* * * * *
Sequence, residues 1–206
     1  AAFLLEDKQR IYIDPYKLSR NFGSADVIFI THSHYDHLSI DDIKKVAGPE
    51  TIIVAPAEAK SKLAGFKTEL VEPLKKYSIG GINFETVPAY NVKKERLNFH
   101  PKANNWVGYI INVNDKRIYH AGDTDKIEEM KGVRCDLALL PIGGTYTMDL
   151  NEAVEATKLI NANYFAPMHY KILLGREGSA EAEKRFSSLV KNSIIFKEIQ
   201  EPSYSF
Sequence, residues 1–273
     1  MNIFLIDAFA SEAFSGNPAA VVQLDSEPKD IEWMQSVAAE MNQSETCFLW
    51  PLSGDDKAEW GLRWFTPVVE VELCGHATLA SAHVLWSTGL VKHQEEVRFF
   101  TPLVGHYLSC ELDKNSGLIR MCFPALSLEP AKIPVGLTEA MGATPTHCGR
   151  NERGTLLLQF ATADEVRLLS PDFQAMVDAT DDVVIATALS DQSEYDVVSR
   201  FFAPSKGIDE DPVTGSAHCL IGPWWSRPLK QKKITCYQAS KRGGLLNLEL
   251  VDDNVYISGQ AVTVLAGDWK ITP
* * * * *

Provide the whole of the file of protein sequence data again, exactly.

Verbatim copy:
Sequence, residues 1–206
     1  AAFLLEDKQR IYIDPYKLSR NFGSADVIFI THSHYDHLSI DDIKKVAGPE
    51  TIIVAPAEAK SKLAGFKTEL VEPLKKYSIG GINFETVPAY NVKKERLNFH
   101  PKANNWVGYI INVNDKRIYH AGDTDKIEEM KGVRCDLALL PIGGTYTMDL
   151  NEAVEATKLI NANYFAPMHY KILLGREGSA EAEKRFSSLV KNSIIFKEIQ
   201  EPSYSF
Sequence, residues 1–273
     1  MNIFLIDAFA SEAFSGNPAA VVQLDSEPKD IEWMQSVAAE MNQSETCFLW
    51  PLSGDDKAEW GLRWFTPVVE VELCGHATLA SAHVLWSTGL VKHQEEVRFF
   101  TPLVGHYLSC ELDKNSGLIR MCFPALSLEP AKIPVGLTEA MGATPTHCGR
   151  NERGTLLLQF ATADEVRLLS PDFQAMVDAT DDVVIATALS DQSEYDVVSR
   201  FFAPSKGIDE DPVTGSAHCL IGPWWSRPLK QKKITCYQAS KRGGLLNLEL
   251  VDDNVYISGQ AVTVLAGDWK ITP